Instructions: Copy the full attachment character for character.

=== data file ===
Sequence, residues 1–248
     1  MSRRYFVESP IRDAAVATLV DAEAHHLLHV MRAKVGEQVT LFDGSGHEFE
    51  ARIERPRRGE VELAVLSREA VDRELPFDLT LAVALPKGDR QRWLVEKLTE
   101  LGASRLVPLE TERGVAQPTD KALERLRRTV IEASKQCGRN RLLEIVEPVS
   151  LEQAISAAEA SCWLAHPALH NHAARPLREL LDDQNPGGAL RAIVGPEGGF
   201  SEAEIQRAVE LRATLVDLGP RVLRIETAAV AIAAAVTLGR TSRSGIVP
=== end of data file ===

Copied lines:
Sequence, residues 1–248
     1  MSRRYFVESP IRDAAVATLV DAEAHHLLHV MRAKVGEQVT LFDGSGHEFE
    51  ARIERPRRGE VELAVLSREA VDRELPFDLT LAVALPKGDR QRWLVEKLTE
   101  LGASRLVPLE TERGVAQPTD KALERLRRTV IEASKQCGRN RLLEIVEPVS
   151  LEQAISAAEA SCWLAHPALH NHAARPLREL LDDQNPGGAL RAIVGPEGGF
   201  SEAEIQRAVE LRATLVDLGP RVLRIETAAV AIAAAVTLGR TSRSGIVP